I've catched the mun at the right time to go around it; but I arrived "under it". So I wouldn't have to go into mun's direction because "the gravity of it" would eject me at the opposite direction. Thus I would have the return vector to enter Kerbin's SOI with the "mun's anti-velocity-vector".

Just because you were caught by Mun "at the right time" doesn't negate the fact that Mun is in a counterclockwise (for argument's sake "prograde") orbit. You're deep enough and long enough inside its SOI to make a semi-orbit there. From a Mun perspective you changed your velocity vector with 180°, but from a Kerbin perspective you also picked up that nearly 550 m/s orbital velocity that Mun has. Unless you are going to counteract that, leaving Mun's SOI is going to put you in that counterclockwise ("prograde") orbit around Kerbin.

So, unless your exit vector has a tangential component of at least 550 m/s you will have that prograde orbit, and from what you sketched, your exit vector is almost entirely radial towards Kerbin with virtually no tangential component.

What you should be aiming for is not a 180° trajectory around Mun, but rather a 90° retrograde trajectory, with the exit vector leaving the SOI parallel to the Mun's course, but in the opposite direction, and doing at least 550 m/s when exiting Mun SOI. At that point your return trajectory will be retrograde.

Kerbart, you don't know what you're talking about. It's impossible to return to Kerbin from a Mun flyby in a retrograde orbit. IMPOSSIBLE, I tell you. And that's why the game is broken!

4SLd4G5.png

There ya go.

Edited by Kerbart
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19 hours ago, lopata said:

But anyway it's just a game, but it could be better, the rest is amazingly well done.

If you play it enough it will start making sense to you, and you'll probably eventually realize that while some of the physics in the game is not accurate, this bit that is currently bothering you actually is accurate.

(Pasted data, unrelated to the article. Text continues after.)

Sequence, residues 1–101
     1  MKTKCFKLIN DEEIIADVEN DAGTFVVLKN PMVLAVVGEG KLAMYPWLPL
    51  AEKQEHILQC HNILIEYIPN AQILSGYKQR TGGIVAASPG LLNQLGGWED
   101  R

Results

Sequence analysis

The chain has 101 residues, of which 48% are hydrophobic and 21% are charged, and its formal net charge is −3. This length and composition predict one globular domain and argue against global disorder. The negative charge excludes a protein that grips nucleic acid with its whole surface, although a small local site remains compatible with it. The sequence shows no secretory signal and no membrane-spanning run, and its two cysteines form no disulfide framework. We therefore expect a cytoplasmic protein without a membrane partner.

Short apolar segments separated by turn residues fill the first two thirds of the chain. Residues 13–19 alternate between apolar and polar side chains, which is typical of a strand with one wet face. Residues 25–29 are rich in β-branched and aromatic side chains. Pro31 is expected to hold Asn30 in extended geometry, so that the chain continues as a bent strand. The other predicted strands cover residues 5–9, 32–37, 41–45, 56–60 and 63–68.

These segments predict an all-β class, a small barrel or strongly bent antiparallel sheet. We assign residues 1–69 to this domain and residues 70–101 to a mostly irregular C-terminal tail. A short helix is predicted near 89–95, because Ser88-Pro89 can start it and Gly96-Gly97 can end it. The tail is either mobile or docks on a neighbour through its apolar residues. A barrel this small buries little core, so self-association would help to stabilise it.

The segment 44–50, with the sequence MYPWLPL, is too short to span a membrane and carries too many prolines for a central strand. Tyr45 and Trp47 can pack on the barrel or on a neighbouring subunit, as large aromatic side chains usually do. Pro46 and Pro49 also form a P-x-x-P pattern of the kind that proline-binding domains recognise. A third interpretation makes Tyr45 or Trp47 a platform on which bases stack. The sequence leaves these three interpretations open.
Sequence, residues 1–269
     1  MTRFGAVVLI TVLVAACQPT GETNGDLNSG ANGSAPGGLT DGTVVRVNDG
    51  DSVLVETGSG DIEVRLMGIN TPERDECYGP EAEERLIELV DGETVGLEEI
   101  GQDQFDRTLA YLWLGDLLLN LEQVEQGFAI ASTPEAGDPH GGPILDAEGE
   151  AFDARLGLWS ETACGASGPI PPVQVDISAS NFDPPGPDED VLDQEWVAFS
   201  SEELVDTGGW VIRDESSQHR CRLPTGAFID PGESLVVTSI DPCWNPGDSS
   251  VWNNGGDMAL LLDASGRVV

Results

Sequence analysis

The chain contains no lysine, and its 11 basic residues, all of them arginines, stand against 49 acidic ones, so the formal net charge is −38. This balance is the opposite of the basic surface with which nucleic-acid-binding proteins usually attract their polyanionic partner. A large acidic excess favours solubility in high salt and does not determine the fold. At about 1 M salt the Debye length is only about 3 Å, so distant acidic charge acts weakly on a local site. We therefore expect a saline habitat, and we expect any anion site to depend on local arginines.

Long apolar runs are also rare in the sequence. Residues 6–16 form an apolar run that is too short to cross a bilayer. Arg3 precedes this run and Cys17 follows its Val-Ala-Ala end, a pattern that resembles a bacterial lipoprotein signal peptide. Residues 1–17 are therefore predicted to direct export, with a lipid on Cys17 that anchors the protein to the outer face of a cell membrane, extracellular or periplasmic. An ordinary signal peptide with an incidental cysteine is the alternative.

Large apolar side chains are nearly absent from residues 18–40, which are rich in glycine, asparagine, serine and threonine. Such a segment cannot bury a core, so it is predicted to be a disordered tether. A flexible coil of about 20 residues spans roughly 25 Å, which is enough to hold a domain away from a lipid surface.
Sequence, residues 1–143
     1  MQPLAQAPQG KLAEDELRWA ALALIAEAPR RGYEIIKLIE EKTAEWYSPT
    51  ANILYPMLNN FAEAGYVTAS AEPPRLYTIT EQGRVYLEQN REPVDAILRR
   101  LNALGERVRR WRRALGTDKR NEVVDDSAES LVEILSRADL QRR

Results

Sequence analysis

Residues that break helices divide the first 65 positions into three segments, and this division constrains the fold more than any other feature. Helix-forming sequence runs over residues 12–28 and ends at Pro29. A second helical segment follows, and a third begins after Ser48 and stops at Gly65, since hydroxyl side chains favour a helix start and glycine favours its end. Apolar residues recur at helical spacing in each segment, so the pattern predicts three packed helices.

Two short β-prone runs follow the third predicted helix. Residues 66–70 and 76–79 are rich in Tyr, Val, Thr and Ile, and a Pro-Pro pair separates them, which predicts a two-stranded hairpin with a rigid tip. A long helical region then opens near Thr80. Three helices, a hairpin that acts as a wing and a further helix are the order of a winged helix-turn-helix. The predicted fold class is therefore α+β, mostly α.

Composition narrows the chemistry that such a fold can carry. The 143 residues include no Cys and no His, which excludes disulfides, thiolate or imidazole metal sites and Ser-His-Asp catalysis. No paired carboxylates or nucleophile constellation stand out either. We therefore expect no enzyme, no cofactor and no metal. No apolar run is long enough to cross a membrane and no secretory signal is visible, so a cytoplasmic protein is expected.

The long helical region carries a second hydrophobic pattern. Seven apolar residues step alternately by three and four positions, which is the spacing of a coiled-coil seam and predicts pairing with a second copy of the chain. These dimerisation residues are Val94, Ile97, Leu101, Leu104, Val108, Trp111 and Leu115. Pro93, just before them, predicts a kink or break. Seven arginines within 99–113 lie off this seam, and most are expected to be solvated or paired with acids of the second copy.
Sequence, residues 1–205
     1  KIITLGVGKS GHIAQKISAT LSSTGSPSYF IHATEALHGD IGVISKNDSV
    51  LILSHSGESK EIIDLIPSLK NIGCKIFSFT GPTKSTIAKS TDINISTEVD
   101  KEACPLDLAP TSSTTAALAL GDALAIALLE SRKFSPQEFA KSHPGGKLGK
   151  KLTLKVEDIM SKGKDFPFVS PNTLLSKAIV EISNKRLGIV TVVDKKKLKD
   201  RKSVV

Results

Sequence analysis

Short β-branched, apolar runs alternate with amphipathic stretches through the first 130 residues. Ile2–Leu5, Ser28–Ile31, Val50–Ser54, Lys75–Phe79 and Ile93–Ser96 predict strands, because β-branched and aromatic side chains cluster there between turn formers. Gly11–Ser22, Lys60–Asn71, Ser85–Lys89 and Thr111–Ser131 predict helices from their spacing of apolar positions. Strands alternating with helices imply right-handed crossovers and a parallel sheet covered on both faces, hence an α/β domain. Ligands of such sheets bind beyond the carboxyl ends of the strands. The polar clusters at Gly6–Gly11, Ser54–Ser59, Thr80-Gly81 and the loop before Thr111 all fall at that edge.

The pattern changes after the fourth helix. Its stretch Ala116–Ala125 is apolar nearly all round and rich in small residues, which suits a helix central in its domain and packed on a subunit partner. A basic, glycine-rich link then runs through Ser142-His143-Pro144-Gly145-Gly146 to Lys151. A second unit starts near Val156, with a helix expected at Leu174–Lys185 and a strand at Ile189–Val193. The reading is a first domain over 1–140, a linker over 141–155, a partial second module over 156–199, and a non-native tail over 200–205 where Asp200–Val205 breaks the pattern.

Edited by mikegarrison
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First: I studied physics and the general trajectories in KSP are doing good on physics (there are some few simplifications which are sure too subtle to notice by common sense alone).

Your problems are with the visualizations in map view, but lukcily these can be changed:

Please note: The movement is still the same, it just changes how to display them to you in respect of different world views.

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On 3/26/2020 at 6:23 PM, lopata said:

Thank you RoninFrog, I understand better,

and I am reassured that we can enter Kerbin retrograd from Minmus,
but from the mun we can't :/ ... well I think this is still wrong because:

I've catched the mun at the right time to go around it; but I arrived "under it". So I wouldn't have to go into mun's direction because "the gravity of it" would eject me at the opposite direction. Thus I would have the return vector to enter Kerbin's SOI with the "mun's anti-velocity-vector".

 

But anyway it's just a game, but it could be better, the rest is amazingly well done.

Think of it as if the Mun wasn't there at all. Your ship is in a circular orbit  around Kerbin at the height of the Mun. In orber to get back to Kerbin you slow down to drop your periapsis into Kerbins atmosphere. If you wanted to reverse your orbit direction you need to kill all of you forward velocity and then add more velocity to bring your periapsis up out of the planet.

Edited by Reactordrone